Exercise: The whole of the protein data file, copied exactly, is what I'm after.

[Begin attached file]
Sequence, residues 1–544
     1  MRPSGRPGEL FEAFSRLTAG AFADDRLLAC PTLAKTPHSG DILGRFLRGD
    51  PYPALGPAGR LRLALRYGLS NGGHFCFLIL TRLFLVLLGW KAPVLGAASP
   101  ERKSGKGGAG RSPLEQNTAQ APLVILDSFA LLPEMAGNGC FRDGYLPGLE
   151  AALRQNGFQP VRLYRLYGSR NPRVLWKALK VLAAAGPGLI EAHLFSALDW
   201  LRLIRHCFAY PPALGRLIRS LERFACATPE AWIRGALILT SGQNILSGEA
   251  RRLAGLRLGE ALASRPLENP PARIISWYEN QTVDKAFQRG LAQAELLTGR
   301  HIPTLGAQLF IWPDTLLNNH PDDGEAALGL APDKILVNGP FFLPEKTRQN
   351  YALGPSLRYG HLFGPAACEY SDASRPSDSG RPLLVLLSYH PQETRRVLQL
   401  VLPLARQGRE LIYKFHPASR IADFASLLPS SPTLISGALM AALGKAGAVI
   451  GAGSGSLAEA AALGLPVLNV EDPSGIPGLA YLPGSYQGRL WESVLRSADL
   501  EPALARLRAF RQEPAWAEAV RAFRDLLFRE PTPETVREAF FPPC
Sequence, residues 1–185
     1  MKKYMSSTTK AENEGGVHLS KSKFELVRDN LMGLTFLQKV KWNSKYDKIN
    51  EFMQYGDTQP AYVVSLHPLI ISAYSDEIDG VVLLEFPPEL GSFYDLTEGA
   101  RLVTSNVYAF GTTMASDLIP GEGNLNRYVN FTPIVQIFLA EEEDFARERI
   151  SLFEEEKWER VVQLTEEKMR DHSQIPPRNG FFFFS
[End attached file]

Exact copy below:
Sequence, residues 1–544
     1  MRPSGRPGEL FEAFSRLTAG AFADDRLLAC PTLAKTPHSG DILGRFLRGD
    51  PYPALGPAGR LRLALRYGLS NGGHFCFLIL TRLFLVLLGW KAPVLGAASP
   101  ERKSGKGGAG RSPLEQNTAQ APLVILDSFA LLPEMAGNGC FRDGYLPGLE
   151  AALRQNGFQP VRLYRLYGSR NPRVLWKALK VLAAAGPGLI EAHLFSALDW
   201  LRLIRHCFAY PPALGRLIRS LERFACATPE AWIRGALILT SGQNILSGEA
   251  RRLAGLRLGE ALASRPLENP PARIISWYEN QTVDKAFQRG LAQAELLTGR
   301  HIPTLGAQLF IWPDTLLNNH PDDGEAALGL APDKILVNGP FFLPEKTRQN
   351  YALGPSLRYG HLFGPAACEY SDASRPSDSG RPLLVLLSYH PQETRRVLQL
   401  VLPLARQGRE LIYKFHPASR IADFASLLPS SPTLISGALM AALGKAGAVI
   451  GAGSGSLAEA AALGLPVLNV EDPSGIPGLA YLPGSYQGRL WESVLRSADL
   501  EPALARLRAF RQEPAWAEAV RAFRDLLFRE PTPETVREAF FPPC
Sequence, residues 1–185
     1  MKKYMSSTTK AENEGGVHLS KSKFELVRDN LMGLTFLQKV KWNSKYDKIN
    51  EFMQYGDTQP AYVVSLHPLI ISAYSDEIDG VVLLEFPPEL GSFYDLTEGA
   101  RLVTSNVYAF GTTMASDLIP GEGNLNRYVN FTPIVQIFLA EEEDFARERI
   151  SLFEEEKWER VVQLTEEKMR DHSQIPPRNG FFFFS